• Between 8 a.m. and 12 p.m.
  • Fasting
  • Hydrated
  • Not directly after exercise or sex
  • Relaxed
  • Not on hormonal birth control.

If your prolactin is elevated on at least two occasions, the next step is to identify the underlying
cause with the help of your doctor.

Where to get your prolactin levels checked

Prolactin can be checked easily with a simple blood test. If your GP or fertility clinic runs some blood tests and you have any of the above symptoms, request that they also check your prolactin level. You may have some resistance from your GP because the NICE guidelines recommend prolactin only be checked in women with a known ovulatory disorder, unusual production of breast milk or a pituitary tumor.

If your doctor is reluctant to test your prolactin level, you can get you levels checked here at Medichecks who offer a simple finger-prick test to check prolactin.

Treatments for High Prolactin levels

It is rare, but possible for hyperprolactinaemia to be caused by a tiny tumour on the pituitary gland – these tumours are rare (approximately 4 people out of every 10,000), usually benign, and their prolactin-generating effect can easily be controlled with medication. If your prolactin level is very high, your doctor should refer you for an MRI to check whether you have any sign of a nodule or small tumour on your pituitary gland. With strongly elevated prolactin due to a prolactinoma, the best treatment can be the medication bromocriptine or cabergoline.

For other causes, the best treatment is to try to correct the underlying problem such as taking thyroid hormone to correct hypothyroidism or finding an alternative to stomach acid medication.

For mildly elevated prolactin in the range of 300 mIU/L to 500 mIU/L, consider the following natural treatments including Vitex/Angus Castus

Tip: Because vitex/Angus Castus can mask the symptoms of a prolactinoma, check with your doctor before trying natural treatment.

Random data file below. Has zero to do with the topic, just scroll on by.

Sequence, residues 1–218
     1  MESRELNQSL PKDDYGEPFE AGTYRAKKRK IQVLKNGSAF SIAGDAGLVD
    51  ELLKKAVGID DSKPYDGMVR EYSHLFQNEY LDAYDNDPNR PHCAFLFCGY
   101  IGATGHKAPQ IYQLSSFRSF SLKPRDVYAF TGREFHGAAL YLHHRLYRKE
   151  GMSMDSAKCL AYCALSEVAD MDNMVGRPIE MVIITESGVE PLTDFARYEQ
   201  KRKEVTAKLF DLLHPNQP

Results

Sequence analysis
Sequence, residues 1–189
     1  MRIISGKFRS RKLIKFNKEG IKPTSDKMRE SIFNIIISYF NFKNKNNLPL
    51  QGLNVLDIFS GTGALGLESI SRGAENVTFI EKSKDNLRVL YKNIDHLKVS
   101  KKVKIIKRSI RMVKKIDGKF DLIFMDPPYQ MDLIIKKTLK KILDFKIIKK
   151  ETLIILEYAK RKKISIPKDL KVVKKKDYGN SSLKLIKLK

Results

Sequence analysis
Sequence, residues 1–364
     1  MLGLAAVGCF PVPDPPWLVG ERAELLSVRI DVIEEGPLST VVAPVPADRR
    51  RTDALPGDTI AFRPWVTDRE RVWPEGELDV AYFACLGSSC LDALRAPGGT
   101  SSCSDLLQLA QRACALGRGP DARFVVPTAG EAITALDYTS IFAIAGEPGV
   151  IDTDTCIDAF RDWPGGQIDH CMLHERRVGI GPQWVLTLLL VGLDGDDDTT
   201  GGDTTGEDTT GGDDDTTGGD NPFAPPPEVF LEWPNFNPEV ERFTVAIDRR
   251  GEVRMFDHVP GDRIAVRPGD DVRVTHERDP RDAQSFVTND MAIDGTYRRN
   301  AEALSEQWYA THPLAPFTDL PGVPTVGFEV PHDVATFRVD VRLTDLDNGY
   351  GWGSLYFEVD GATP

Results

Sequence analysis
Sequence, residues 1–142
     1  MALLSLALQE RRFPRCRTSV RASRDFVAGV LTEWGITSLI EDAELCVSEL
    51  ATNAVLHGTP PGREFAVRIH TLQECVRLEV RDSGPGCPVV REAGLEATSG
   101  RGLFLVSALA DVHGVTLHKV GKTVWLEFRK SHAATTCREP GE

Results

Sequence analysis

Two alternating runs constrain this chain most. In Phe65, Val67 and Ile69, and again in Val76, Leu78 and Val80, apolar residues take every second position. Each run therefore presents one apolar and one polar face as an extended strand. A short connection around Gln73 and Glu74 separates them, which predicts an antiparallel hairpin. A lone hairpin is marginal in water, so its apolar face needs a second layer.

Natural treatments to lower prolactin

  • Reduce alcohol, especially beer, because barley stimulates prolactin. That’s why beer was traditionally prescribed to increase milk supply. Do not exceed four alcoholic drinks per week.
  • Address any underlying issue with thyroid or undereating.
  • Reduce stress with yoga, Acupuncture ,meditation, and long slow walks.
  • Consider taking vitamin B6 which lowers prolactin by increasing the neurotransmitter dopamine.
  • Consider taking the herbal medicine Vitex agnus-castus (also called chaste tree or chaste berry) which lowers prolactin. The exact dose depends on the formulation of the product.
  • Read Blog: Angus Castus/Vitex for hormonal imbalances
  • Unknown Fact Regular running without a supportive bra can cause sufficient ‘jiggling’ to cause a higher prolactin level, as can excessive ‘nipple action’ (if you are having a blood test to check prolactin, avoid going for a run or stimulating your nipples for a day or two before your test).

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Agnus Castus is a herb widely used to support hormone balance and female health. Our product provides 400mg of Agnus Castus per vegan capsule and contains the whole herb in a powder form. It has been certified organic by the Soil Association.